Adapted from “Are You Prepared for Dirty Tricks?” first published in the Negotiation newsletter, August 2010.
Should you simply refuse to negotiate with someone you know has lied to you?
Consider the results of a 1998 survey of 750 MBA students by researchers Robert J. Robinson, Roy J. Lewicki, and Eileen M. Donohue. Most of the students felt it was acceptable to lie about their bottom lines, make inflated opening offers, and feign emotions such as anger, elation, or disappointment. However, the students condemned other tactics, such as lying about key facts, bad-mouthing one’s counterpart to others, bribery, spying, and bluffing.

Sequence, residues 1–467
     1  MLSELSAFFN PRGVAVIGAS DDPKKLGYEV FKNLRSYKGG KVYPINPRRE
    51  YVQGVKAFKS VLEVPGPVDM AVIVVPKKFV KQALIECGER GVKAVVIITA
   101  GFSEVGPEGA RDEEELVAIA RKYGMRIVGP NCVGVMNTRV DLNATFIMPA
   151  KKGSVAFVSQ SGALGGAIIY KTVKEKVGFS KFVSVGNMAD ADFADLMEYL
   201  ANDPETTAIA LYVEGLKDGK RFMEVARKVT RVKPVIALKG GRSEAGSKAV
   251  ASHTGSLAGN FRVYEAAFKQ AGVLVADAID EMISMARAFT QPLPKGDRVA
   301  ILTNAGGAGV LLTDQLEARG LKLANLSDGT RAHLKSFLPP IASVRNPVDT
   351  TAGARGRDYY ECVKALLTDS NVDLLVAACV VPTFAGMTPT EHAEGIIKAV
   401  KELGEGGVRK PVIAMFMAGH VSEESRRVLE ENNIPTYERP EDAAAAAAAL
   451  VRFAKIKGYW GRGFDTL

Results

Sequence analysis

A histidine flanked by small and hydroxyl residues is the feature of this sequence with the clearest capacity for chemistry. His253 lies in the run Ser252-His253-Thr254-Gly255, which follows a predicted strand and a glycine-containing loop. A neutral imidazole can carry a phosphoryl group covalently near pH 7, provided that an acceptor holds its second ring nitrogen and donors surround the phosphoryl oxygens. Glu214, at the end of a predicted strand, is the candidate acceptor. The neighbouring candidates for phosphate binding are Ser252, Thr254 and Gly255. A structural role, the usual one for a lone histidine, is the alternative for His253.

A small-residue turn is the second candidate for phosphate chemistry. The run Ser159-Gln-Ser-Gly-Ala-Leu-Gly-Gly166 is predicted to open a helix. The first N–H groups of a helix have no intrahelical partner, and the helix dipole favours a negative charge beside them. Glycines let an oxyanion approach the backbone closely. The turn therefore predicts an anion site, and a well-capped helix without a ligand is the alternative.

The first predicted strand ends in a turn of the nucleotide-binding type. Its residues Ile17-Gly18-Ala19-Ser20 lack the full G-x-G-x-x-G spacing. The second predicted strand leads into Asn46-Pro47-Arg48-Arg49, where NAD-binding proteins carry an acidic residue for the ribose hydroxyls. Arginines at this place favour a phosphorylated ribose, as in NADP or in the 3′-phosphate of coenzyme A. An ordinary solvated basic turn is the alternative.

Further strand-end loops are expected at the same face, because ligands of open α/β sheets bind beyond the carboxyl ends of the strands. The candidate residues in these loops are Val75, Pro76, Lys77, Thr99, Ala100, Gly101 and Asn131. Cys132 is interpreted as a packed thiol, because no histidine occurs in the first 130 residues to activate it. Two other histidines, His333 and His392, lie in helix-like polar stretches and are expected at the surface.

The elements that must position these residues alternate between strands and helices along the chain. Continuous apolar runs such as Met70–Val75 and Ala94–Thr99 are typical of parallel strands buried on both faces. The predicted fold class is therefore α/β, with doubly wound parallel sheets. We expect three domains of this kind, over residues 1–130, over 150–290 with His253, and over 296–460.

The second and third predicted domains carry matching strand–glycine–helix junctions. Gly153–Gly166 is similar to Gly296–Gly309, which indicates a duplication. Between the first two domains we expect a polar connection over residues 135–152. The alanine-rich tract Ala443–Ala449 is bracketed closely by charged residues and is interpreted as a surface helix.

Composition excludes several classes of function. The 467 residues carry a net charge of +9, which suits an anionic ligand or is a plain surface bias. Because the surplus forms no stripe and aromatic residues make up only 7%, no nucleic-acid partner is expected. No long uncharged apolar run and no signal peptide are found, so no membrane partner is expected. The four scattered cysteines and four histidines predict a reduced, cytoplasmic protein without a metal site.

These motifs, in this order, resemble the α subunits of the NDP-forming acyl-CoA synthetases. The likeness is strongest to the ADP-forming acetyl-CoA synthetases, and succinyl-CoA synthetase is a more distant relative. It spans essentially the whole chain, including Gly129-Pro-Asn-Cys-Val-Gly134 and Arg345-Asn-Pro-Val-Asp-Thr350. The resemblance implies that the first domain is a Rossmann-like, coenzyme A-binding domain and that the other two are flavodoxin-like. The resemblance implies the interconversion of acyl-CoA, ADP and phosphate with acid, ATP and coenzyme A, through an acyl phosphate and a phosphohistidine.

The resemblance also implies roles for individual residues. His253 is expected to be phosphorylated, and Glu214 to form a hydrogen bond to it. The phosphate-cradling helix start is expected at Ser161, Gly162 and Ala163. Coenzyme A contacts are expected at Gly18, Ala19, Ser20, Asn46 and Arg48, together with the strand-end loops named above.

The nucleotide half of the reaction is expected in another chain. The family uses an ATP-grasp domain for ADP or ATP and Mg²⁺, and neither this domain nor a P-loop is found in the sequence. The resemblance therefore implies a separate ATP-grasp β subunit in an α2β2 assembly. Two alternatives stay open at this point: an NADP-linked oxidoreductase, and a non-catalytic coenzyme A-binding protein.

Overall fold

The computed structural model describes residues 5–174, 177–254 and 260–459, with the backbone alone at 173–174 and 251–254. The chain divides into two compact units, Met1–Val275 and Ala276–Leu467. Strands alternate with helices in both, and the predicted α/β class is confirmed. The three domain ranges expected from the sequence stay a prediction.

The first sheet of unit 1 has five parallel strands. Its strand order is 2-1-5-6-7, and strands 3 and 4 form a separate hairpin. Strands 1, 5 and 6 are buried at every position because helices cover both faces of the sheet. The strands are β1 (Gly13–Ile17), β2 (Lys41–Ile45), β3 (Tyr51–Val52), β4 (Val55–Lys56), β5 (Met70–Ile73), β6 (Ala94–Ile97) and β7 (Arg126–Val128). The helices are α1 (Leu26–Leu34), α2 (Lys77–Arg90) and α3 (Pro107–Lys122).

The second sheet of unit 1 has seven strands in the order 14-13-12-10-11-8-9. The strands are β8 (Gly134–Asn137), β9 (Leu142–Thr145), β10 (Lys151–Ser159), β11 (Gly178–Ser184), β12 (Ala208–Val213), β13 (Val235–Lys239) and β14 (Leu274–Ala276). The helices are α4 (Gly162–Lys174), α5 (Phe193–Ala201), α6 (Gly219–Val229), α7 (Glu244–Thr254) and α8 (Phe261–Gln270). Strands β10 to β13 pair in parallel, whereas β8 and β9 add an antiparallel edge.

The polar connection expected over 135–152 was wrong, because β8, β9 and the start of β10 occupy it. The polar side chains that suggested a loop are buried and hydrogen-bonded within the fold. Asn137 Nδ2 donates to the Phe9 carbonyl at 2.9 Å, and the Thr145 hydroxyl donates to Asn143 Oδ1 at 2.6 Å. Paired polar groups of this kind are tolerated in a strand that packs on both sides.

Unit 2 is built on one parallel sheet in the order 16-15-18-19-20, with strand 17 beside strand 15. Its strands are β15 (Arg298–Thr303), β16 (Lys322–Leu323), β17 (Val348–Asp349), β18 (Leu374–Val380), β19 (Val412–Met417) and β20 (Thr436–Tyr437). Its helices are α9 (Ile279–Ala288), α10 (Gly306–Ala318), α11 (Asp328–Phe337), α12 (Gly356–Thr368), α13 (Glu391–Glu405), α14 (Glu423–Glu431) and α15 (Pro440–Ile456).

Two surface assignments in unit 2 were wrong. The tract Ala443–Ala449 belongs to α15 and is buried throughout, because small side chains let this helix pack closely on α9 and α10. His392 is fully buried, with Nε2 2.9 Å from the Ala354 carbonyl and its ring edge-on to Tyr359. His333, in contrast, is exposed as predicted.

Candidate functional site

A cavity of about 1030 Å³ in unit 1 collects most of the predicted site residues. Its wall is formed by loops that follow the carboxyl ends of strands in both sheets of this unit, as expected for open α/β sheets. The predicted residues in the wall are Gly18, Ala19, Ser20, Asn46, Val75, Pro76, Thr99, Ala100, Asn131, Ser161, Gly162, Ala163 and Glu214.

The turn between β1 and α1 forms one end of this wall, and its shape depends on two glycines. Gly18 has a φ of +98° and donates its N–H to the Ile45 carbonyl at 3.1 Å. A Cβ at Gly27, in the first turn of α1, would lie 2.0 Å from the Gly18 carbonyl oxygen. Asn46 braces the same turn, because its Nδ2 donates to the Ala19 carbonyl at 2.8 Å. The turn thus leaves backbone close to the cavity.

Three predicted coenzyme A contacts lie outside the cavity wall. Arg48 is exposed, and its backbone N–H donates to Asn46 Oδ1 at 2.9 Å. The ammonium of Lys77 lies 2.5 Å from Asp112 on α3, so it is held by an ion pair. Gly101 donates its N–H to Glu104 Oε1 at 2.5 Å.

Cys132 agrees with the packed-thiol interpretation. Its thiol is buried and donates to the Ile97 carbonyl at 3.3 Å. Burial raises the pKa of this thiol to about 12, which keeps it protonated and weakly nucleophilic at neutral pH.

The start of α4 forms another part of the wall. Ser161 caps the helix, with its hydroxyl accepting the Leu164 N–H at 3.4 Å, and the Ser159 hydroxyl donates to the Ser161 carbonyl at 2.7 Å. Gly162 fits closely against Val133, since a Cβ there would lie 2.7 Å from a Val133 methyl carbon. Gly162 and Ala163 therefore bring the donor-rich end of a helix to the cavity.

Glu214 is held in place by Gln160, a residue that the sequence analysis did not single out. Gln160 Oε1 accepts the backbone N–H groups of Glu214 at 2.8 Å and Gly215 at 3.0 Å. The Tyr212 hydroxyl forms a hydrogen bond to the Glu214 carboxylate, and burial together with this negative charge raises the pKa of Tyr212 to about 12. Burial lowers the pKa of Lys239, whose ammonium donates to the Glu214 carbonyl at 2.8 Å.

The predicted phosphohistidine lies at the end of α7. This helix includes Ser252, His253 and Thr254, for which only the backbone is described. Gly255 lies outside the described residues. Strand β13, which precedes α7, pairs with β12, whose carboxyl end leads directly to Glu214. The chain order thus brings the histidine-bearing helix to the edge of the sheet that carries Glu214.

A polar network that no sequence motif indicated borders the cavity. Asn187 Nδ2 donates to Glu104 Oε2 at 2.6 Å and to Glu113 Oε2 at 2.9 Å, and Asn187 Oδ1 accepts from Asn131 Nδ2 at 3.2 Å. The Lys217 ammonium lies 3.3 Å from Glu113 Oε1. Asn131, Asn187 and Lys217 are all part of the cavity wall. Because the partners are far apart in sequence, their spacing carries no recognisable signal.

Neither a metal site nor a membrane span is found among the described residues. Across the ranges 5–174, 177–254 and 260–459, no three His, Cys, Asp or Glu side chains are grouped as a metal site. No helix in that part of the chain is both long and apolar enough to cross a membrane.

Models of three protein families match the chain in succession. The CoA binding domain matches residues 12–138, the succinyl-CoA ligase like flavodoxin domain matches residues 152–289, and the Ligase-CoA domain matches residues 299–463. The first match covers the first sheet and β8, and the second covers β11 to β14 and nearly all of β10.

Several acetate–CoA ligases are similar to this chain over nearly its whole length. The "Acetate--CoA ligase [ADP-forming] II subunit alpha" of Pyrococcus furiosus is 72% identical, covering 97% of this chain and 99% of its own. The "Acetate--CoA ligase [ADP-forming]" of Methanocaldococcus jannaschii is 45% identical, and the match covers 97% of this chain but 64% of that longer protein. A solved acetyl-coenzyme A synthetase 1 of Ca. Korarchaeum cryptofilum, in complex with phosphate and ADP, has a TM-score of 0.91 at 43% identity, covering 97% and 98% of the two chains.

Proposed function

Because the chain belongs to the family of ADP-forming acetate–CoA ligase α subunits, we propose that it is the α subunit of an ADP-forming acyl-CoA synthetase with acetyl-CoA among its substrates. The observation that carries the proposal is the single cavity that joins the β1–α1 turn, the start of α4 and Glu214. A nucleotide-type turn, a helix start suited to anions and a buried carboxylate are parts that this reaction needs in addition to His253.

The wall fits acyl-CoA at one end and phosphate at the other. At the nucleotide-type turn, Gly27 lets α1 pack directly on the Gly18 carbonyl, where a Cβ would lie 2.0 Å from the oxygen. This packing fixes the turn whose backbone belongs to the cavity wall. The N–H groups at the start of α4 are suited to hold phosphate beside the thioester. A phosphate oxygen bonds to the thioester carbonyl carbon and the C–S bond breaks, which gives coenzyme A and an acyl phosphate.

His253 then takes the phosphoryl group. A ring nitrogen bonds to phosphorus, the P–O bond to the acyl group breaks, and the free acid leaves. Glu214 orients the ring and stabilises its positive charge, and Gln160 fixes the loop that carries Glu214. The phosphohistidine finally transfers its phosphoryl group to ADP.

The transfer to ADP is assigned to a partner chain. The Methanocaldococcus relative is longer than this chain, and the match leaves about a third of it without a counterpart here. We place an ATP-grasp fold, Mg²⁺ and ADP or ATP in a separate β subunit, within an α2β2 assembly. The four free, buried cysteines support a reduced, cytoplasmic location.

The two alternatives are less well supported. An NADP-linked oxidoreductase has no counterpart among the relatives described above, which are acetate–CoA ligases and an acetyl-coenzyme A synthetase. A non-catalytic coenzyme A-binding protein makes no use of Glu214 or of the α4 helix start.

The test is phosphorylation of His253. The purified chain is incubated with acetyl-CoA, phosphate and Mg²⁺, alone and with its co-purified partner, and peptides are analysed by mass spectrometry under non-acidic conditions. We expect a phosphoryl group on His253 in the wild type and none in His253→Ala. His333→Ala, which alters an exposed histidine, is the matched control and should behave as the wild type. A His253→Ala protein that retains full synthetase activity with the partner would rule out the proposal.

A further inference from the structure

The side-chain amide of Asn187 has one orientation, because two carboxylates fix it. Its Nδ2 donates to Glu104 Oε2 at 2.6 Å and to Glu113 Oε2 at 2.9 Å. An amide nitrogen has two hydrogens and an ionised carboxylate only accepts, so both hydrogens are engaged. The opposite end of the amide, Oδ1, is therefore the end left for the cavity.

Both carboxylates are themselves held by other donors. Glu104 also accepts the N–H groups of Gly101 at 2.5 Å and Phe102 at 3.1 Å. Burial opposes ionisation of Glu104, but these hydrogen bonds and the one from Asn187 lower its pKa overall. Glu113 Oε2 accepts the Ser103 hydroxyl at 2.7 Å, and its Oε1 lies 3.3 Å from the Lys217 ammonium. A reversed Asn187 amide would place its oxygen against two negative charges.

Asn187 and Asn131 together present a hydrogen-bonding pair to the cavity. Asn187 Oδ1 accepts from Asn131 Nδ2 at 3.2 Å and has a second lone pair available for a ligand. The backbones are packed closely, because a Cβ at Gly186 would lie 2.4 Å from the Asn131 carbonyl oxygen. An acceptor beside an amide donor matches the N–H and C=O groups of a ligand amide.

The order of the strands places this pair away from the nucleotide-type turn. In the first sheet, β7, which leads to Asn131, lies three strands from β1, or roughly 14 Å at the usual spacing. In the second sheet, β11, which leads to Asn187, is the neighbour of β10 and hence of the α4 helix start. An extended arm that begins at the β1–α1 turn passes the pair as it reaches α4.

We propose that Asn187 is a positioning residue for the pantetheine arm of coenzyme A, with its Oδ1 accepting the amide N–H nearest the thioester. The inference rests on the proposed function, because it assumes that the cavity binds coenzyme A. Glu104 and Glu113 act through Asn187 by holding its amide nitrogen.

These results suggest that you will sometimes encounter negotiators who feel comfortable lying to you. To reduce the likelihood that you’ll face deceptive tactics, try prefacing important negotiations with a discussion of ethics. Tell your counterpart that you intend to behave as fairly and truthfully as possible, and ask him to do the same. When you do catch someone in a relatively minor lie, consider discussing the matter directly to see whether you feel comfortable moving forward. If the lie is significant and trust seems beyond repair, walking away may be the best choice.